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Former NASA head shares space travel stories with Vietnamese students

Thursday, June 13, 2019, 15:32 GMT+7
Former NASA head shares space travel stories with Vietnamese students
Former NASA administrator Charles Bolden talks with students in Ho Chi Minh City, Vietnam on June 12, 2019. Photo: Trong Nhan / Tuoi Tre

Former NASA administrator and astronaut Charles Bolden was in Ho Chi Minh City on Wednesday morning to chat with local students and space enthusiasts about his experience in space and leading the world’s top space research agency.

Bolden was in the southern metropolis as part of the city’s third annual Space Day, co-organized by the Ho Chi Minh City Space Technology Application Center (STAC) and the Ho Chi Minh City University of Technology.

Themed “50 Years Since The Moon Landing," the day-long event presented an opportunity for participants to explore various areas of space study through real-life examples and equipment.

Asked about his most frightening experience in space, Bolden said it was when he was inside the International Space Station and the structure lost all connections to Earth.

The incident lasted only for around two minutes, but it worried astronauts enough to send out distress signals, he said.

Bolden served as the 12th administrator of NASA, serving from 2009 until his resignation in 2017.

A NASA astronaut since 1981, Bolden has been to space for four times and was the first human being to have his voice broadcast on the surface of Mars on August 28, 2012, when the Curiosity rover received the transmission of his voice and then beamed it back to Earth.

Former NASA administrator Charles Bolden talks with students in Ho Chi Minh City, Vietnam on June 12, 2019. Photo: Trong Nhan / Tuoi Tre

Former NASA administrator Charles Bolden talks with students in Ho Chi Minh City, Vietnam on June 12, 2019. Photo: Trong Nhan / Tuoi Tre

Answering one student’s question on whether he could become an astronaut if he was not American, Bolden said the opportunity to explore space is open to everyone, regardless of nationality.

Nations like Russia, China, and India are all developing their own independent space programs, he said, so there are more opportunities to become an astronaut now than ever as long as one performs well academically and is in good health.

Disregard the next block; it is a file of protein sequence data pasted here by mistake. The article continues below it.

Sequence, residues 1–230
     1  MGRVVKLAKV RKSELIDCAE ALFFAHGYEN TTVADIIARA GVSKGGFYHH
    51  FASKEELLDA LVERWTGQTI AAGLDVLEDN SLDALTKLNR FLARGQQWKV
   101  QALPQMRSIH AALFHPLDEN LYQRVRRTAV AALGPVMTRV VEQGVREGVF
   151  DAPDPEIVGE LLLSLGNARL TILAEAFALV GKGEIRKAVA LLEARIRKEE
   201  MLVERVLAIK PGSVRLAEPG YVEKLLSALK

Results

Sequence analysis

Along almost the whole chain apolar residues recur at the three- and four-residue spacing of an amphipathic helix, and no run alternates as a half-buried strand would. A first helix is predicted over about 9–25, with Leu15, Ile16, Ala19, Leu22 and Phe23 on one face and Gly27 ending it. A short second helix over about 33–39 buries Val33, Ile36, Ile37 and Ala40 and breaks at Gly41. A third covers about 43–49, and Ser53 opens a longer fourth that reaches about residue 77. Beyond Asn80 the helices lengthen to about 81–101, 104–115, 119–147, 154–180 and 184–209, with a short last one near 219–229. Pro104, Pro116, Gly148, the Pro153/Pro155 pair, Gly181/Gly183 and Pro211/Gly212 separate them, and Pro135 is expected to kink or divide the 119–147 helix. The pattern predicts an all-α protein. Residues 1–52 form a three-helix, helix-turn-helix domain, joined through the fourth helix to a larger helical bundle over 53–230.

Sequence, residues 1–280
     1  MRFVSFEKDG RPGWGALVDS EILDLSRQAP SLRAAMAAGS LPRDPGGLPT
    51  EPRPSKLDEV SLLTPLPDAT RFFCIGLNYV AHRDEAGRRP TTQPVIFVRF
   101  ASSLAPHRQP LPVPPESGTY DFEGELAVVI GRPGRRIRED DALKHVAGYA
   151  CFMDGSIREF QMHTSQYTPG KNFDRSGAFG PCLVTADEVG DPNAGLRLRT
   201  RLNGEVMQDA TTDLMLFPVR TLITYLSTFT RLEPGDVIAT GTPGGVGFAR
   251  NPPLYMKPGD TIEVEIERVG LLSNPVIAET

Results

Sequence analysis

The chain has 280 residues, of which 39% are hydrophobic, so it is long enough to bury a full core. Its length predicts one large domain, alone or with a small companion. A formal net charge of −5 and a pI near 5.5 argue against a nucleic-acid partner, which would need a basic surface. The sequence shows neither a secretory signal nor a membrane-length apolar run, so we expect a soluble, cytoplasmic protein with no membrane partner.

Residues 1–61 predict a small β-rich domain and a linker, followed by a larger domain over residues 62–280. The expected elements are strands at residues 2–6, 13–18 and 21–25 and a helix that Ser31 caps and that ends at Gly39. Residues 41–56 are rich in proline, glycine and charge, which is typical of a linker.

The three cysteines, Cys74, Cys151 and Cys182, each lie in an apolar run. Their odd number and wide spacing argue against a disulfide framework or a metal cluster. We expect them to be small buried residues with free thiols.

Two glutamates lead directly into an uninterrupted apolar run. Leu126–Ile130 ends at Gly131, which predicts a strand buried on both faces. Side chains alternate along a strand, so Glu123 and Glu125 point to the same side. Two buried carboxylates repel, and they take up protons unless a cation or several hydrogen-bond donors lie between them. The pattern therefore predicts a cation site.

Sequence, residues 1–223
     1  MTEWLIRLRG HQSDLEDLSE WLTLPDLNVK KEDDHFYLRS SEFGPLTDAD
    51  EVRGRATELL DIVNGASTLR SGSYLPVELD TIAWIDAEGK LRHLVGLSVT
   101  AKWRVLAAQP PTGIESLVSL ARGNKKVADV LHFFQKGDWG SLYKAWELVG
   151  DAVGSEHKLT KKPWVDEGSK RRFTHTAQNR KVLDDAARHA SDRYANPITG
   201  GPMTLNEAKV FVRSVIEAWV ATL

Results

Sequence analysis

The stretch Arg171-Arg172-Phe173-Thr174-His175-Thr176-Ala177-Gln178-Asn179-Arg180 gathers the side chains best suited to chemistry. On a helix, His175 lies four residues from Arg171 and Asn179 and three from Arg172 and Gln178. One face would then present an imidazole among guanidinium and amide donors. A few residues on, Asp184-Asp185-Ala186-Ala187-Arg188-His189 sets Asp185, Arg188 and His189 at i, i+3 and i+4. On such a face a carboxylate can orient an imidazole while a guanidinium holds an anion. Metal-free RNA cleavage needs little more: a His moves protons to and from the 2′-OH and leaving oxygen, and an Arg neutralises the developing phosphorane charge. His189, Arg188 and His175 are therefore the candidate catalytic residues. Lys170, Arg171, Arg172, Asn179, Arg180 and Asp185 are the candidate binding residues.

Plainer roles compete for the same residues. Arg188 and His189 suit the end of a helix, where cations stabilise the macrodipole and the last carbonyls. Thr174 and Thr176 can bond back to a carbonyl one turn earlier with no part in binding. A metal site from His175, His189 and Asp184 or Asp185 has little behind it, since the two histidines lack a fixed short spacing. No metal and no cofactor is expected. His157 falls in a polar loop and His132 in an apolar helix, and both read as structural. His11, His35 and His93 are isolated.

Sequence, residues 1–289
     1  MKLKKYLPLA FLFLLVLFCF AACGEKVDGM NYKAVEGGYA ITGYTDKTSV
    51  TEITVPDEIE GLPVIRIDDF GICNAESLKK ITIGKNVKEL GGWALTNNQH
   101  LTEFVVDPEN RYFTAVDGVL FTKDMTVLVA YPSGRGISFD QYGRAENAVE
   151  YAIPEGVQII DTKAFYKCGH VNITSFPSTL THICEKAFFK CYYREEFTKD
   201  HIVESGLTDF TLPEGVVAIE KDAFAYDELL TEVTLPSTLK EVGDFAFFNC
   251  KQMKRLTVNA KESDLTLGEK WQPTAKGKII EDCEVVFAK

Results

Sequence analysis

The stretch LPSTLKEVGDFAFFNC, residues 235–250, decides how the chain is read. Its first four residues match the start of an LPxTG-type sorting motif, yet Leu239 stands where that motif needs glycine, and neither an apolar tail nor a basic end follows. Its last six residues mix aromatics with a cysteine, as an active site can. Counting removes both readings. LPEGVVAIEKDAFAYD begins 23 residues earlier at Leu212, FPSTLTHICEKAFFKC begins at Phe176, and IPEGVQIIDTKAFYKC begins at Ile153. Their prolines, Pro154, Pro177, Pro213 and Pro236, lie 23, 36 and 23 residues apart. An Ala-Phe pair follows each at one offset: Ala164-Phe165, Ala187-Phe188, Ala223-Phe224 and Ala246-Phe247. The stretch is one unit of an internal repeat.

Bolden spent a significant part of the discussion talking about the role of women in space research and exploration.

NASA is always looking for outstanding candidates, both male and female, from every part of the world, and treats its men and women equally in the workplace, he said.

He encouraged all girls and women in the room to “never stop reaching” for their goals.

Students experience operating telescopes at the 3rd annual Space Day in Ho Chi Minh City, Vietnam on June 12, 2019. Photo: Trong Nhan / Tuoi Tre

Students experience operating telescopes at the 3rd annual Space Day in Ho Chi Minh City, Vietnam on June 12, 2019. Photo: Trong Nhan / Tuoi Tre

NASA, or the National Aeronautics and Space Administration, is an independent agency of the United States Federal Government responsible for the civilian space program, as well as aeronautics and aerospace research.

Since its establishment in 1958, most U.S. space exploration efforts have been led by NASA, including the Apollo Moon landing missions, the Skylab space station, and the Space Shuttle.

Space research in Vietnam is still in its infancy, but there are signs the government has been paying more attention to this uncharted territory in recent years.

In 2006, the Vietnamese government approved a national strategy on research and application of aerospace technology until 2020.

The plan set a goal to build a legal framework for the research and application of space technology, developing the infrastructure for space technology, and promoting scientific research in the area.

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